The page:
They've been saying they're happily stranded, here by choice, but just this week their flights in December were cancelled. So what do two nomadic musicians do instead? Release an album, book in at summer festivals and schedule a full summer of touring and enjoying New Zealand to its fullest.

Good Habits are an alt-folk duo from Manchester featuring singer-cellist Bonnie Schwarz and accordionist Pete Shaw.

With the emergence of Covid-19 in the community their first tour which started back in January was cut short and as lockdown loomed the duo found themselves hunkering down in the small seaside town of Paekākāriki with fellow musicians Danni Parsons and Lance Shepherd who together form In The Shallows.

Emerging from lockdown they started recording an album after being inspired by In The Shallows who were recording an album of their own.

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Good Habits recorded their debut album Going for Broke in their bedroom in Paekākāriki. Photo / Rosalie Willis
Good Habits recorded their debut album Going for Broke in their bedroom in Paekākāriki. Photo / Rosalie Willis

"We thought we'd just give it a go and pulled together friends from all across the world that we've worked with, and in the space of a month and a half had finished the album," Bonnie said.

"During lockdown we did so many little projects and it was really after lockdown that we came out of the cracks and started recording."

Going for Broke is an eclectic collection of stories from their journeys and experiences before and during their New Zealand travels.

"They were seedlings of songs which have just grown and grown over the last few months."

Pulling the album together involved musical contacts from all over the world including bass player Léo Rocha from Brazil, Matt Waters, their trombonist who they met on the Interislander earlier this year when he was touring New Zealand but who works in China and has been spending lockdown in the United States, violinist Tiffany Anderson from the Hawke's Bay and sound artist and saxophonist Benjamin Marrington-Reeve who also mixed the tracks for them.

The album was mastered by Matt Waters and Matt Bush and made possible by a creative sustainability grant from PRS Foundation UK.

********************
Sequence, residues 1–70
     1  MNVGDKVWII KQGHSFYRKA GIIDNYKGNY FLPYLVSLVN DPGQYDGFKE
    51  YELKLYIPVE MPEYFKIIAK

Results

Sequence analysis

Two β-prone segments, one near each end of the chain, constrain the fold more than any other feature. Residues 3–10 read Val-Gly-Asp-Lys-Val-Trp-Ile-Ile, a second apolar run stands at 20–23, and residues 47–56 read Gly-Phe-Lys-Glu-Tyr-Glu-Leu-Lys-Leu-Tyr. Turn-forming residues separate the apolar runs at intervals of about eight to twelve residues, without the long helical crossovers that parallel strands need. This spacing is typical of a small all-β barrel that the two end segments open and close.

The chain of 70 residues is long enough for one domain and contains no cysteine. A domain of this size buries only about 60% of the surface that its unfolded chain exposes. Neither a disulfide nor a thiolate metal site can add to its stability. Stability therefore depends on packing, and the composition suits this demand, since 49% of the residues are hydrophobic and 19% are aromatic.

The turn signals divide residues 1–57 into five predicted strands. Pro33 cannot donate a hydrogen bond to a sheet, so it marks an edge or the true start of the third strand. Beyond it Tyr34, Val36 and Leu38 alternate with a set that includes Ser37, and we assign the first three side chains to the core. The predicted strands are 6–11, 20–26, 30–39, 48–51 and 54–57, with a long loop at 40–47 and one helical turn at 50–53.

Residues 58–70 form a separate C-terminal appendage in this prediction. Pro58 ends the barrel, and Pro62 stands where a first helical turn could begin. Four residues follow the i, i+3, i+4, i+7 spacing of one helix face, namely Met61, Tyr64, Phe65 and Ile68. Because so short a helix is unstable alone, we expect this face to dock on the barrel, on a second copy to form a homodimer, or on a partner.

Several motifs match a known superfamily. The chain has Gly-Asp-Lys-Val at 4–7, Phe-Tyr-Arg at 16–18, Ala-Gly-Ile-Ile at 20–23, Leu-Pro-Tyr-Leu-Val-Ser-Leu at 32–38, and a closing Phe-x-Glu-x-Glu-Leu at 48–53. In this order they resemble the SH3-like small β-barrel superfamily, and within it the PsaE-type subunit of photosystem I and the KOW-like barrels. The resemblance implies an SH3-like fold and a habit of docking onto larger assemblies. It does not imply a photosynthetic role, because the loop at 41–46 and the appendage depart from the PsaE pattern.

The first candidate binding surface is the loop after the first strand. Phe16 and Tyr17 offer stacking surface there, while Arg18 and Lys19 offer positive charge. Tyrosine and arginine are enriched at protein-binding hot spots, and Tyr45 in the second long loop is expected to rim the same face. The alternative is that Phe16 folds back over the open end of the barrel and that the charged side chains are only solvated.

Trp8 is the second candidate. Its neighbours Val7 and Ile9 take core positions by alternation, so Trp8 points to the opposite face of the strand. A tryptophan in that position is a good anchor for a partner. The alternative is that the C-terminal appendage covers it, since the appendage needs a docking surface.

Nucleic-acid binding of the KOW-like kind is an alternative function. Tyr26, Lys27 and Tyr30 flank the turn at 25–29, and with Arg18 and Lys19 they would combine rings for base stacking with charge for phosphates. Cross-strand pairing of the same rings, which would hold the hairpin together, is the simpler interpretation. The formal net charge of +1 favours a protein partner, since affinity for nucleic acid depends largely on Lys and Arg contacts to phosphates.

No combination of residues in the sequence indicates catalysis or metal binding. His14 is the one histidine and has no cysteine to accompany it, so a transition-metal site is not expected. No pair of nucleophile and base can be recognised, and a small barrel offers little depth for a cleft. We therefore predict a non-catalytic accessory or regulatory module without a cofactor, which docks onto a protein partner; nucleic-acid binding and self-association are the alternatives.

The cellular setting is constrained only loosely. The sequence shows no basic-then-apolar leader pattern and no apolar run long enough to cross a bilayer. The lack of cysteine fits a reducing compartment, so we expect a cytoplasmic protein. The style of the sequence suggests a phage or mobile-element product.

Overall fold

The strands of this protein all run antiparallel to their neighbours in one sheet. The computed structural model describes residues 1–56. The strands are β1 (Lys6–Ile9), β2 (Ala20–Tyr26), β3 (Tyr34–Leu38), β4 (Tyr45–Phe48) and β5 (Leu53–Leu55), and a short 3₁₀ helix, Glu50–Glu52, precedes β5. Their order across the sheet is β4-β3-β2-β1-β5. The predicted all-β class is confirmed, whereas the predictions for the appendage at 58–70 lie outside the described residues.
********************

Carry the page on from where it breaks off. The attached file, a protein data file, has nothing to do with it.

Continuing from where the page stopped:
"It was a bizarre but magical thing to be working with people in different countries who are in some form of lockdown all completely different to ours right now.

"We are very interactive, free and still quite energetic when we perform live as a duo, so we needed to reimagine and rearrange to replace that interaction, excitement and live energy when creating an album.

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"We needed to build up the sound as there's a lot of space to fill alongside the cello, accordion and vocals.

"We gave Léo very loose instructions when we sent him our part and he came back with some Brazilian magic," Pete said.

"He just added so much joy to it with the bass line that we would never have written ourselves."

Being their debut album and taking a rather unusual route to create it, the duo were able to do the recording from their bedroom in Paekākāriki.

"It was pretty cool hearing the tracks come back as they turn into such different arrangements to when we are playing it as a duo."

Originally setting out to visit the places they missed earlier this year, the tour itinerary has grown to include summer festivals and will run from September to March next year after their flights in December were cancelled.

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"We applied for some festivals just in case and have now expanded the tour until March."

Taking a koha approach to many of their gigs will eliminate the risk if Covid-19 restrictions are in place with many of their gigs able to have a first in, first served rule.

And despite the climate, they don't feel like they're missing much back home.

"We love to tell a story through our music.

"We loved how Manchester was, the arts scene was just amazing, and we fell in love with being able to do so much, such interdisciplinary stuff.

"If Manchester was doing that now we would definitely be getting massive FOMO from everyone back home but since all that has stopped and everything here is going, we decided to stay.

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"We also love the small community feel of touring in New Zealand."

The tour starts with a live album launch at Tuatara's The Third Eye in Wellington on Friday, September 18.

The tour includes the Canterbury Folk Music Festival, the TSB Festival of Lights in New Plymouth, LoudMouth Performing Arts Festival , Resolution NYE Festival, Sanctuary Sounds and many more including markets and spontaneous busking.

For details and dates visit Good Habits on Facebook.

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